bullies. The act of being bullied tends to increase some students' isolation because their
peers do not want to lose status by associating with them or because they do not want
to increase the risks of being bullied themselves. Being bullied leads to depression and
low self-esteem, problems that can carry into adulthood (Olweus, 1993; Batsche &
PERCEPTIONS OF BULLYING
Oliver, Hoover, and Hazler (1994) surveyed students in the Midwest and found that a
clear majority felt that victims were at least partially responsible for bringing the bullying
on themselves. Students surveyed tended to agree that bullying toughened a weak
person, and some felt that bullying "taught" victims appropriate behavior. Charach,
Pepler, and Ziegler (1995) found that students considered victims to be "weak," "nerds,"
and "afraid to fight back." However, 43% of the students in this study said that they try
to help the victim, 33% said that they should help but do not, and only 24% said that
bullying was none of their business.
Parents are often unaware of the bullying problem and talk about it with their children
only to a limited extent (Olweus, 1993). Student surveys reveal that a low percentage of
students seem to believe that adults will help. Students feel that adult intervention is
infrequent and ineffective, and that telling adults will only bring more harassment from
bullies. Students report that teachers seldom or never talk to their classes about bullying
(Charach, Pepler, & Ziegler, 1995). School personnel may view bullying as a harmless
right of passage that is best ignored unless verbal and psychological intimidation
crosses the line into physical assault or theft.
Bullying is a problem that occurs in the social environment as a whole. The bullies'
aggression occurs in social contexts in which teachers and parents are generally
unaware of the extent of the problem and other children are either reluctant to get
involved or simply do not know how to help (Charach, Pepler, & Ziegler, 1995). Given
this situation, effective interventions must involve the entire school community rather
than focus on the perpetrators and victims alone. Smith and Sharp (1994) emphasize
the need to develop whole-school bullying policies, implement curricular measures,
improve the schoolground environment, and empower students through conflict
resolution, peer counseling, and assertiveness training. Olweus (1993) details an
approach that involves interventions at the school, class, and individual levels. It
includes the following components:
- An initial questionnaire can be distributed to students and adults. The questionnaire
helps both adults and students become aware of the extent of the problem, helps to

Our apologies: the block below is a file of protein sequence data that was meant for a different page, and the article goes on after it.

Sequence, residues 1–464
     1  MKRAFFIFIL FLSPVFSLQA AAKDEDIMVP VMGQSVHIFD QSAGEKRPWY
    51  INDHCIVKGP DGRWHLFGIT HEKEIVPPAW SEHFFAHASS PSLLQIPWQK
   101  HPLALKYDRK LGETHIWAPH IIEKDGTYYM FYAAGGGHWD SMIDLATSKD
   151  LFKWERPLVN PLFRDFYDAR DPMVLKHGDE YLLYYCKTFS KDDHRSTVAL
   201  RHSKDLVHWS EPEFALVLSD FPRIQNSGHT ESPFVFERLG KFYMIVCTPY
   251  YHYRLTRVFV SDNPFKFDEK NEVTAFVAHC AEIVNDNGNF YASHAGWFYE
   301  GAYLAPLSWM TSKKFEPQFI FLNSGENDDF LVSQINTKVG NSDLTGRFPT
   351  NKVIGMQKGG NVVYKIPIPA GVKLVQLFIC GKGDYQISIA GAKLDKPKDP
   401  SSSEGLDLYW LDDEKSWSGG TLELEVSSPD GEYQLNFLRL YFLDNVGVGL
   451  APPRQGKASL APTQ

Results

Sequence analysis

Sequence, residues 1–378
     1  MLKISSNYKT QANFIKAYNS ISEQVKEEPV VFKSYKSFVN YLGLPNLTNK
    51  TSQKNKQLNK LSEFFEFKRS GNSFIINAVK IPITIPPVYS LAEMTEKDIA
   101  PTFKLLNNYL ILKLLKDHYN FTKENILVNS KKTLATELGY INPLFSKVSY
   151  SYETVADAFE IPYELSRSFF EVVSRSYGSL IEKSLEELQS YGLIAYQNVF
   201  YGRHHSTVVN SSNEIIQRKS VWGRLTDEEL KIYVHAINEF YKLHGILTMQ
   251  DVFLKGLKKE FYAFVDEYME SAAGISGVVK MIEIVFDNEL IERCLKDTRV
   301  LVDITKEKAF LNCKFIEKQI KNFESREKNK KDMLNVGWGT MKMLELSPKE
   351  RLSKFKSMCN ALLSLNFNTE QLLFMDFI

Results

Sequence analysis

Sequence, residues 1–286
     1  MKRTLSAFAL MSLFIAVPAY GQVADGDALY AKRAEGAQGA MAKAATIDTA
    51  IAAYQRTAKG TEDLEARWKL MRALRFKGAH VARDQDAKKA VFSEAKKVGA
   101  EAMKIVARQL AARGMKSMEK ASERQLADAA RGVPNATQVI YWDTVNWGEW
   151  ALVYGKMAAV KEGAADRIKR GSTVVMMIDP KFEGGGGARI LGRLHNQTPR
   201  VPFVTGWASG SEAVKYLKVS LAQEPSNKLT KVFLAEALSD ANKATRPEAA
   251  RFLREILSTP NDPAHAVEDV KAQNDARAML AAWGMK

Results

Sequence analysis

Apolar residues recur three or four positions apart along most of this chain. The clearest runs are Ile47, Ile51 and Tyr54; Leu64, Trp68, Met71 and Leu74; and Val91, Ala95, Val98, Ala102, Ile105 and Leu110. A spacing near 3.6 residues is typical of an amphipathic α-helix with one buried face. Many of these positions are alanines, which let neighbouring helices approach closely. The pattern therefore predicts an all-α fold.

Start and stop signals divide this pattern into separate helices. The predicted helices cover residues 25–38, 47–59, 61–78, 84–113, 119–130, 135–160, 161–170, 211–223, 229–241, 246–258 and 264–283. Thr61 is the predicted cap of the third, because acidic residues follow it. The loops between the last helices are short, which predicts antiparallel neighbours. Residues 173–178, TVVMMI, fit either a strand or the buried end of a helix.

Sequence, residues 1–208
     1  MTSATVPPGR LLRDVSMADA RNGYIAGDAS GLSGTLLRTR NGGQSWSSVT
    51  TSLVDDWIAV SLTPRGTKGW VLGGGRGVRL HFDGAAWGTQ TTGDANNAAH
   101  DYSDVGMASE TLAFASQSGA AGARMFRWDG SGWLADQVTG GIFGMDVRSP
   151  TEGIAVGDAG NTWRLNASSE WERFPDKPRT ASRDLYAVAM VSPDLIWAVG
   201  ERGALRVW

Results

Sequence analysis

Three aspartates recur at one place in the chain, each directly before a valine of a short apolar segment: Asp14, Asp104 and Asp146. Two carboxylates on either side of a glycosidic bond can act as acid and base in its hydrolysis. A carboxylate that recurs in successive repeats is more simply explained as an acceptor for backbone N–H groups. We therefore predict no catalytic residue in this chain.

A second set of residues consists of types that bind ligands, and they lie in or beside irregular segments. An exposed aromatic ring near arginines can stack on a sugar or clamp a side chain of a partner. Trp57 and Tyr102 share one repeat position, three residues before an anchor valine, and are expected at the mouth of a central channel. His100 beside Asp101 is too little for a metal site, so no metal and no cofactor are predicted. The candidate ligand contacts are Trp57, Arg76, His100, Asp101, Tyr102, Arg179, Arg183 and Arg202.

justify intervention efforts, and serves as a benchmark to measure the impact of
improvements in school climate once other intervention components are in place.
- A parental awareness campaign can be conducted during parent-teacher conference
days, through parent newsletters, and at PTA meetings. The goal is to increase parental
awareness of the problem, point out the importance of parental involvement for program
success, and encourage parental support of program goals. Questionnaire results are
- Teachers can work with students at the class level to develop class rules against
bullying. Many programs engage students in a series of formal role-playing exercises
and related assignments that can teach those students directly involved in bullying
alternative methods of interaction. These programs can also show other students how
they can assist victims and how everyone can work together to create a school climate
where bullying is not tolerated (Sjostrom & Stein, 1996).
- Other components of anti-bullying programs include individualized interventions with
the bullies and victims, the implementation of cooperative learning activities to reduce
social isolation, and increasing adult supervision at key times (e.g., recess or lunch).
Schools that have implemented Olweus's program have reported a 50% reduction in
Bullying is a serious problem that can dramatically affect the ability of students to
progress academically and socially. A comprehensive intervention plan that involves all
students, parents, and school staff is required to ensure that all students can learn in a
safe and fear-free environment.
This publication was funded by the Office of Educational Research and Improvement,
U.S. Department of Education, under contract no. RR93002007. The opinions expressed in this report do not necessarily reflect the positions or policies of OERI. ERIC Digests are in the public domain and may be freely reproduced.